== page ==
Adult Onset Myopia
To bring near objects into focus the circular ciliary muscle contracts allowing the lens to fatten providing the extra focusing power required. The ciliary muscle has two parts: the circular fibres controlling the lens and fibres that run along the eyeball itself spanning the part of the eye between the ciliary body and the beginning of the retina. These longitudinal fibres work in opposition to the circular fibres so that when the circular fibres are relaxed for distant focusing, the longitudinal fibres are tensed and when the circular fibres are tense for close focusing, the longitudinal fibres are relaxed. These longitudinal fibres have two functions: they help to tense the suspensory ligament for distant focusing and they control the elongation of the eyeball.The net result is that, in response to prolonged close focusing, the eyeball lengthens, shortening the sight. The eye gets better at the work it is used for. Unfortunately, as it gets better at doing close work it may lose the ability to focus the distance, creating myopia. This process is known as adult onset myopia although it can happen at any age.Once glasses are worn to bring the distance back into focus, the eye must work even harder overcoming the prescription in order to focus close up. This results in the myopia continuing to increase. This will happen to anyone who continues to do a lot of close work through a distance prescription.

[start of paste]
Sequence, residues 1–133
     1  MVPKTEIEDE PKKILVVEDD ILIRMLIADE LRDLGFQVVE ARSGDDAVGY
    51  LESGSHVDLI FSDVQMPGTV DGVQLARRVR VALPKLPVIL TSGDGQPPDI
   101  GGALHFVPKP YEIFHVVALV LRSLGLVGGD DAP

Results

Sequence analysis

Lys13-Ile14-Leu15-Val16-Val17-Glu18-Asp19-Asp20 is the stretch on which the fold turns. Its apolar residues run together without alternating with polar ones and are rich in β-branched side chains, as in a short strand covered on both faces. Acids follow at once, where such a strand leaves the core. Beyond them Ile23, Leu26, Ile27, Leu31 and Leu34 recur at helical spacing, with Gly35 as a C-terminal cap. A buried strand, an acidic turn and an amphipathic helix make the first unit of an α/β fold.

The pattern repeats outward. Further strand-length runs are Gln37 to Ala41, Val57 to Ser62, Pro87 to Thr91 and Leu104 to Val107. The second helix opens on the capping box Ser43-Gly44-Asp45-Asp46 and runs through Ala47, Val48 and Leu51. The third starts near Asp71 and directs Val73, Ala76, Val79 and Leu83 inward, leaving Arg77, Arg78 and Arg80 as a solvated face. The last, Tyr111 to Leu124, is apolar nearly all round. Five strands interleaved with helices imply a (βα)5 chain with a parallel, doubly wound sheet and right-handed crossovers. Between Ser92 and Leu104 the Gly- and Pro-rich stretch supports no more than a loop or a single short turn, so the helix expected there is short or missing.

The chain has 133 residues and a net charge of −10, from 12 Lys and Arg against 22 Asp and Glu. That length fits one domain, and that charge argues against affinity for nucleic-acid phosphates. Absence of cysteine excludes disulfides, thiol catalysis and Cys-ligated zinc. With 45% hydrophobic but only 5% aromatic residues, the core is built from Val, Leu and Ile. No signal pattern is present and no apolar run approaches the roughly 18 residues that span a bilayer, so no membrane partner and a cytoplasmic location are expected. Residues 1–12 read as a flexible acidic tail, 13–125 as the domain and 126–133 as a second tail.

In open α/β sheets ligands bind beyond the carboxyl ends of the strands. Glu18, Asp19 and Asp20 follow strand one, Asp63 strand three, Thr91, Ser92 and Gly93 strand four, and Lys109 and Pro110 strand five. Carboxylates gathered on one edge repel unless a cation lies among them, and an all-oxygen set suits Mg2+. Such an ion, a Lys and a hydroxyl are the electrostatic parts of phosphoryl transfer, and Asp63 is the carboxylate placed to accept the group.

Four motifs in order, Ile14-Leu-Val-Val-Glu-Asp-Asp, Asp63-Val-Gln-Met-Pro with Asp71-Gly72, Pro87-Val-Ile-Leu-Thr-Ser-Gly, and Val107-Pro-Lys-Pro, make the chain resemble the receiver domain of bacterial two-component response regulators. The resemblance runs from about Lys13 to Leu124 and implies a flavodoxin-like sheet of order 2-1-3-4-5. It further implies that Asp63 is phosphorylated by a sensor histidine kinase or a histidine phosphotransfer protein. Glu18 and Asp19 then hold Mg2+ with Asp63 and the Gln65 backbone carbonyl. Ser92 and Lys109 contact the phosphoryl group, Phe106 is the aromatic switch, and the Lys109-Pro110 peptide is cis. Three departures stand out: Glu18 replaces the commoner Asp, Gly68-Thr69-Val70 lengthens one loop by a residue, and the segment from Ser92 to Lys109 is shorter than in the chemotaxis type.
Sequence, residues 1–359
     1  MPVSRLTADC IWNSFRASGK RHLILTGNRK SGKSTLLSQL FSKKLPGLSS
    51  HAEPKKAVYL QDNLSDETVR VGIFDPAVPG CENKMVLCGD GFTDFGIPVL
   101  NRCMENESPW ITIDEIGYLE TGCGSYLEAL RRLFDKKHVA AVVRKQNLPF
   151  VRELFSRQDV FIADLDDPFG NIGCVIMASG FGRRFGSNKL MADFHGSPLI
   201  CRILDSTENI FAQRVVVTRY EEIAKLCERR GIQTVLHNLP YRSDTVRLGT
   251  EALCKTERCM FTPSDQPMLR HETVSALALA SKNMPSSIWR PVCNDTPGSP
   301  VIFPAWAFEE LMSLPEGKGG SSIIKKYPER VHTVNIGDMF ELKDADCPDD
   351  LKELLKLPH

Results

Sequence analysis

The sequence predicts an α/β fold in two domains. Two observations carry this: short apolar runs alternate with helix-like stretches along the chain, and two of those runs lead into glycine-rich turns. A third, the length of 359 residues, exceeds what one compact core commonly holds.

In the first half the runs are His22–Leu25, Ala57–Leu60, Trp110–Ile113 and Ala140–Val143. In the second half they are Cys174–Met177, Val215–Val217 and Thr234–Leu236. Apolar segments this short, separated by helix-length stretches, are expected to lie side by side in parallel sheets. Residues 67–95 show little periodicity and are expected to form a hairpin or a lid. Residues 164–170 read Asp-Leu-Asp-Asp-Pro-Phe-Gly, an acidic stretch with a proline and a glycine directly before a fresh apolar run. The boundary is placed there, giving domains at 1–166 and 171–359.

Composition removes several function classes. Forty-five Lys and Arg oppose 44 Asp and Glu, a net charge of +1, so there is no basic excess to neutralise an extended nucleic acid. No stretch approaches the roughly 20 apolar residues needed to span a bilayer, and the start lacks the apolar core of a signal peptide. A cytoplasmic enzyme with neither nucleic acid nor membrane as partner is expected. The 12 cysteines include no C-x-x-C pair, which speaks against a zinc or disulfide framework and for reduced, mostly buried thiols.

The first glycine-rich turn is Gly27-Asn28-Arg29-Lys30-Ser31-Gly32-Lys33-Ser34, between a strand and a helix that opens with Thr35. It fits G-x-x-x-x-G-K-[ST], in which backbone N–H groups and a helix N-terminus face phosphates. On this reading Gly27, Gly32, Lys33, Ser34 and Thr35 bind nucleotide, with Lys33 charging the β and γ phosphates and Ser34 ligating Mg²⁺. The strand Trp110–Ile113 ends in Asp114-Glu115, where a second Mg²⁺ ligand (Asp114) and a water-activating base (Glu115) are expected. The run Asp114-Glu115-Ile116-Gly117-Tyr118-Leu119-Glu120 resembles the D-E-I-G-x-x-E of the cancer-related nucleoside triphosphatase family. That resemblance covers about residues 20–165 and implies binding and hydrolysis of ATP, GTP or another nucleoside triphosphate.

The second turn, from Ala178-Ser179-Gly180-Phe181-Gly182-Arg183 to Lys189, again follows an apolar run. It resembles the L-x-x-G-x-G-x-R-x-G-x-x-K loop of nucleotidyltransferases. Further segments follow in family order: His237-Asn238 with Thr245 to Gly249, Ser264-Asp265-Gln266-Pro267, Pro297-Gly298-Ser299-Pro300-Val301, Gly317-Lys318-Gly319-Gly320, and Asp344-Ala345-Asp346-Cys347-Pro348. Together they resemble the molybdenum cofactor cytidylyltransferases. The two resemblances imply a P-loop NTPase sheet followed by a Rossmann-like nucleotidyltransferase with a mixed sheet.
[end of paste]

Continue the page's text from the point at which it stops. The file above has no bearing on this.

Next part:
What to do about myopia
There are various vision improvement systems for reducing myopia which have a common theme; relaxation of the eyes as well as the use of weaker than normal prescriptions. This makes sense, as both will help the eyes to be more distance focused. Many vision improvement practitioners now use Trayner pinhole glasses alongside their traditional exercises. The artificially small pupil provided by the Trayner Glasses encourages the eyes to focus beyond their habitual range, giving a more active encouragement to distance focus than is possible with the passive relaxation techniques.
Use Trayner pinhole glasses for at least half an hour at the end of the day to focus further away than you normally can (take out your lenses first). For some this will be reading, for others watching TV. This will leave your eyes more distance focused overnight. Avoid using your distance prescription for close work. For students who alternate between looking at the blackboard (distant) and their notebook (near), some opticians will now prescribe bi-focals.
For office workers, a reading prescription will stop the deterioration. This will be slightly weaker than your distance prescription allowing your eyes to stay more relaxed while you do close work. Wear this prescription as much as you can do safely. Use your distance prescription for driving. If you wear contacts you can wear the weakest reading glasses from the chemist over your standard lenses to make a reading prescription.
© Trayner Pinhole Glasses 1998-2022